I retired a number of years ago and no longer work in the area. I lost contact with the two of them, and don't even know if they are still alive. (sad!) Nonetheless, I want to relate here how that friendship impacted each of our lives. I think all three of us learned much from each other and maybe you will too as I tell you more about our conversations.
None of us particularly like the food at McDonalds. It is just a convenient place to meet since Dr. Joe and John live close by, and my office was a short distance away. Dr. Joe had never eaten the food at McDonalds. He even brought in his own coffee or can of caffeine-free Coca Cola to the morning get-togethers. I am sure Joe will probably outlive John and I as a result of his abstinence.
More important than the food, we used these gatherings to talk about the news. The conversations were usually focused on politics or how well our local professional ball teams were doing. But then, occasionally, we talked about life. Sometimes that part of our conversation was philosophical. Sometimes it was just nostalgic and humorous. Other times, we might have talked about some scientific article we read or perhaps a television special on the Discovery Channel or a public television network.
One morning, for example, Dr. Joe brought in a magazine article that explained why my dentist had trouble numbing me for the replacement of an old crown in the lower left side of my mouth. All I can say about that is beware of “the difficulties of applying anesthesia to the buccal cortical plate of the mandible”. Understand? Don’t worry…I don’t either.
On several occasions, the conversation had covered the subject of Creation and the Big Bang theory. I felt a little more comfortable with that subject. John and I were pretty much on the same page with this subject and fully support the Big Bang theory. However, Dr. Joe is a Christian Fundamentalist. As such, he views Creation as it is described in Genesis. He believes it to be an accurate account of how the Cosmos and planet Earth came into being. Even so, Dr. Joe encouraged us to speak our minds. I admire him for that, not to mention my admiration for anyone making it through dental school. The three of us got along very well, despite our often polar views.
I was brought up as a Baptist in a college town. As such, our minister was probably a much more open-minded with his sermons and biblical interpretations than to anything John or Joe was ever exposed. Because so many members of my church were scientists or teachers of scientific subjects, most would accept nothing on blind faith alone. The rigors of formal proof were the code by which they either accepted or rejected what they heard and read. Knowing that, I believe the minister at our church adjusted his sermons so as not to lose church membership. I can recall a lot of those sermons. They were often more like college lectures than the traditional sermons experienced in most other Christian ministries.
On one particular day, the subject of conversation between Joe, John and me sparked another friendly debate where our varying views relative to the Biblical scriptures found us fundamentally apart. We were discussing evolution. I believe John was talking about a TV program on the Discovery Channel entitled “Walking With Cavemen” . John was mentioning Darwin and the belief among anthropologists that we as humans had evolved from apes. John was relating the compelling evidence shown in the TV program. Of course, Dr. Joe was pulling out the details of the Bible’s account of Adam and Eve, along with the scripture that says God created Man in his own image and most certainly not that of a chimpanzee.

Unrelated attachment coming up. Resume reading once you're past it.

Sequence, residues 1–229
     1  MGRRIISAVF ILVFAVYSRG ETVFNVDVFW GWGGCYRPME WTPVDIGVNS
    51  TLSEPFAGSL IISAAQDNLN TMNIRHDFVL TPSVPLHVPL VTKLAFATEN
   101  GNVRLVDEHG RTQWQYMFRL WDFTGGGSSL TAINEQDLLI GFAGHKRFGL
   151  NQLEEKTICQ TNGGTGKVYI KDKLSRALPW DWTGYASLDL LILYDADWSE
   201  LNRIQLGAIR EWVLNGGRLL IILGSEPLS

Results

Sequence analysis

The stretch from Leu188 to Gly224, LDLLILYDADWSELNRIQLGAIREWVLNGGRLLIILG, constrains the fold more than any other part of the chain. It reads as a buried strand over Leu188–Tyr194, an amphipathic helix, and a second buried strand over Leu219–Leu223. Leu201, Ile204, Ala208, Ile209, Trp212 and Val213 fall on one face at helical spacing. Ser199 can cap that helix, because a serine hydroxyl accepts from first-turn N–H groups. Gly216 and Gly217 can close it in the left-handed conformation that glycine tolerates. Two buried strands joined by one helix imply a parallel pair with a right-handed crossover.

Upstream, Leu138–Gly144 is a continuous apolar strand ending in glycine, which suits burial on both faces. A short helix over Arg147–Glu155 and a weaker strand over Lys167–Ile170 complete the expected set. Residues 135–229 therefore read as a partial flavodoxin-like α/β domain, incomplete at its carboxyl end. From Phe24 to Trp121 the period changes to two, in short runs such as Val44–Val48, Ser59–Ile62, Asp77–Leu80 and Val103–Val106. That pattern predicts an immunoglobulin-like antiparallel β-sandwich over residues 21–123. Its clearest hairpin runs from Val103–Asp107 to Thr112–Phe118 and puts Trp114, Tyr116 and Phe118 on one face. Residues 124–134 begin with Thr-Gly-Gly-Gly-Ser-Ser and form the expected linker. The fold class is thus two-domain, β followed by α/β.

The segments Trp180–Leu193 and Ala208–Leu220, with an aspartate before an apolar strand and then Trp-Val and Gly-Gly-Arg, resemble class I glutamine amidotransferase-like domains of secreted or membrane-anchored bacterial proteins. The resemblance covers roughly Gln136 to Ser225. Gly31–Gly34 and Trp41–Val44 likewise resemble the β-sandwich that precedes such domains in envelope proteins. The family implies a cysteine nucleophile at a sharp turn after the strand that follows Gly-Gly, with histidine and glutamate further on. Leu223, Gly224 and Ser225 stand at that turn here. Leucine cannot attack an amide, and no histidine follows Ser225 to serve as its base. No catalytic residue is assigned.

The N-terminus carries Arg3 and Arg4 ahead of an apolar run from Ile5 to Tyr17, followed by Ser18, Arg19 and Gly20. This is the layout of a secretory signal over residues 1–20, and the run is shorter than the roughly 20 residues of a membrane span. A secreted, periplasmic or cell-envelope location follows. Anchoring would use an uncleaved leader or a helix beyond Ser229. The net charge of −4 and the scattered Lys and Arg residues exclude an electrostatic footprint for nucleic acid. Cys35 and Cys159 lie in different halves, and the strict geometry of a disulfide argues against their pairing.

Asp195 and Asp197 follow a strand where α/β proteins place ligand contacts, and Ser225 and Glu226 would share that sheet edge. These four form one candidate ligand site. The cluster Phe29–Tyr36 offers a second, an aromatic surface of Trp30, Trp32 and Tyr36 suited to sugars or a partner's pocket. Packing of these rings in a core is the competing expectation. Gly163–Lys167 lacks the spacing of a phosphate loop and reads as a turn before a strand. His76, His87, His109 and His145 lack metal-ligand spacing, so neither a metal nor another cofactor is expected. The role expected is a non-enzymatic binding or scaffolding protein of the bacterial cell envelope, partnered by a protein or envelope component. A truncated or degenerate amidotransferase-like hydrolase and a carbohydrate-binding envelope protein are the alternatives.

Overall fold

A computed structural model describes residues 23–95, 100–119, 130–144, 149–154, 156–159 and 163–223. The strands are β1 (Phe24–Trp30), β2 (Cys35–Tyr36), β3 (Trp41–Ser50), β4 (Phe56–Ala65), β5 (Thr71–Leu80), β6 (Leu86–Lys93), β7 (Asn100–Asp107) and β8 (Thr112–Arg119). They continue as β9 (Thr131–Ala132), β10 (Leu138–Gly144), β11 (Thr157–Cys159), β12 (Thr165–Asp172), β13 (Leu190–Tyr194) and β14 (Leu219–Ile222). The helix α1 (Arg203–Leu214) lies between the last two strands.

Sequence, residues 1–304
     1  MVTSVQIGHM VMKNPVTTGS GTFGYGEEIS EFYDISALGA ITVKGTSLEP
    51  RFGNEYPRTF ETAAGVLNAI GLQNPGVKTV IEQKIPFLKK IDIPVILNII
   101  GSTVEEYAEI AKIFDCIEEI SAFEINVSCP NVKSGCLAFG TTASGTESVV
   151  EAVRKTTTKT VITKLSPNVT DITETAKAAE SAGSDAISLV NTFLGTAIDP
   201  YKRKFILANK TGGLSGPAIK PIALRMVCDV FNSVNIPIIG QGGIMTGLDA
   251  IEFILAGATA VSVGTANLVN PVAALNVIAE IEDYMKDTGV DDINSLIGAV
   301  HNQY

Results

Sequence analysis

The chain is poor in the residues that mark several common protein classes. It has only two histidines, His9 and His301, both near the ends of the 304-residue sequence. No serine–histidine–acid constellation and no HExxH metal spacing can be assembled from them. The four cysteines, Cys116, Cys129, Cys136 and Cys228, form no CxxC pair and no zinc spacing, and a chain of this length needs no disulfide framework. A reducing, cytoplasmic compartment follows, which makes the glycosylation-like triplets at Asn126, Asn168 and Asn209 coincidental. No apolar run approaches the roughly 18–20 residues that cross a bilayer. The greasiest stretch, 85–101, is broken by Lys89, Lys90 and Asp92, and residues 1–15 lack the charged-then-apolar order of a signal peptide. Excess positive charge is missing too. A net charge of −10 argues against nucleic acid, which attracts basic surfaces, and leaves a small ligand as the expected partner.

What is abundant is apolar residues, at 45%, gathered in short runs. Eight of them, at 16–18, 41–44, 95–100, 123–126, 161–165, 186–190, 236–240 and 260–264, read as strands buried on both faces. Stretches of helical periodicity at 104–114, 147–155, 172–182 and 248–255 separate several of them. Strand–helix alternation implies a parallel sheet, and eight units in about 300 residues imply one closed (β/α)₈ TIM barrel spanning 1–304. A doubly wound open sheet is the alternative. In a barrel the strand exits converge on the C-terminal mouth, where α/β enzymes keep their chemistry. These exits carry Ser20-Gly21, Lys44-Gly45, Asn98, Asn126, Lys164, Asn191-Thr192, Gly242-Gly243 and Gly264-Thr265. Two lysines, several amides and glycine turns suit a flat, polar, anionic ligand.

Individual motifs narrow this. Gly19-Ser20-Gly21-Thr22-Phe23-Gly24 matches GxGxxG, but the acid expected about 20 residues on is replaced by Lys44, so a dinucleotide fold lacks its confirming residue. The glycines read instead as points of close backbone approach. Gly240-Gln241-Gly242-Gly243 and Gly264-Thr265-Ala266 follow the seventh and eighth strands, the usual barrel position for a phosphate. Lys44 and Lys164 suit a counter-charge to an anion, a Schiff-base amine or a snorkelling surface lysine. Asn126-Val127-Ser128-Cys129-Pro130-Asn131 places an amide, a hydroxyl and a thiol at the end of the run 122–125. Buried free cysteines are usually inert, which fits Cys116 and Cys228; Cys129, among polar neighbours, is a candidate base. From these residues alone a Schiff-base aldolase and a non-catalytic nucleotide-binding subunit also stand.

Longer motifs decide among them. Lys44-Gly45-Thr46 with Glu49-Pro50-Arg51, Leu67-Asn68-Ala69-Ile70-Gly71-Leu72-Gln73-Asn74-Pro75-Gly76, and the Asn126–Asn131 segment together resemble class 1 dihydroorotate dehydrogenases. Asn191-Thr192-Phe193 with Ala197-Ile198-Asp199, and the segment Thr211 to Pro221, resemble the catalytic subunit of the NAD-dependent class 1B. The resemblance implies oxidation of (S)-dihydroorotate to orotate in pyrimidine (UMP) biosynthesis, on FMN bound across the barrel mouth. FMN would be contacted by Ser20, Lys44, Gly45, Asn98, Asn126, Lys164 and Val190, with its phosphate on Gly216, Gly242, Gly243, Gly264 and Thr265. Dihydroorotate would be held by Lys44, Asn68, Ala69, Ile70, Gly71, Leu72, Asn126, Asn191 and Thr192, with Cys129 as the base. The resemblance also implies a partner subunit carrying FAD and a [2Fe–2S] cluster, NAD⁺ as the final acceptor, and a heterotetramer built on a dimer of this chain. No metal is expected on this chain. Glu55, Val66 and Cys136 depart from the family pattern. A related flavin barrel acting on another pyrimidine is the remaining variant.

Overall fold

Seeing the huge chasm between John’s beliefs and Joe’s, I did not dare take it a step further with my own. Joe and John both would have considered voting me out of the Breakfast Club if I had thrown in my two-cents worth and mentioned the fact that I felt we had actually evolved from the cast-off heavy elements of dying stars.
From my view, the transition from apes was a much later link in the evolutionary chain. I subscribe to those who believe we first had to work our way up through the evolutionary chain from single-cell organisms to fish in the sea. Then the process of life, that God had put into motion, would gradually turn those fins of air-breathing fish into hands of an upright human through a chain of vertebrate creations. This evolution from the fish to man would span nearly 350 million years.
I will probably be tarred and feathered by some readers of this, assuming SOMEONE does read this. Like I said in my first installment to this blog subject. These are only my personal views and conclusions. Joe did not agree with me, and I feel certain John was only willing to reach back to Darwin's ape. I don't want to dwell on this, as I write more, I am sure all readers regardless of religion or lack thereof, will find some blog entries coincidental with their own thoughts. Stay tuned!
I miss those conversations with Joe and John at McDonalds. Feel free to comment and express your own views regarding the subject of evolution. I am open to anyone's thoughts.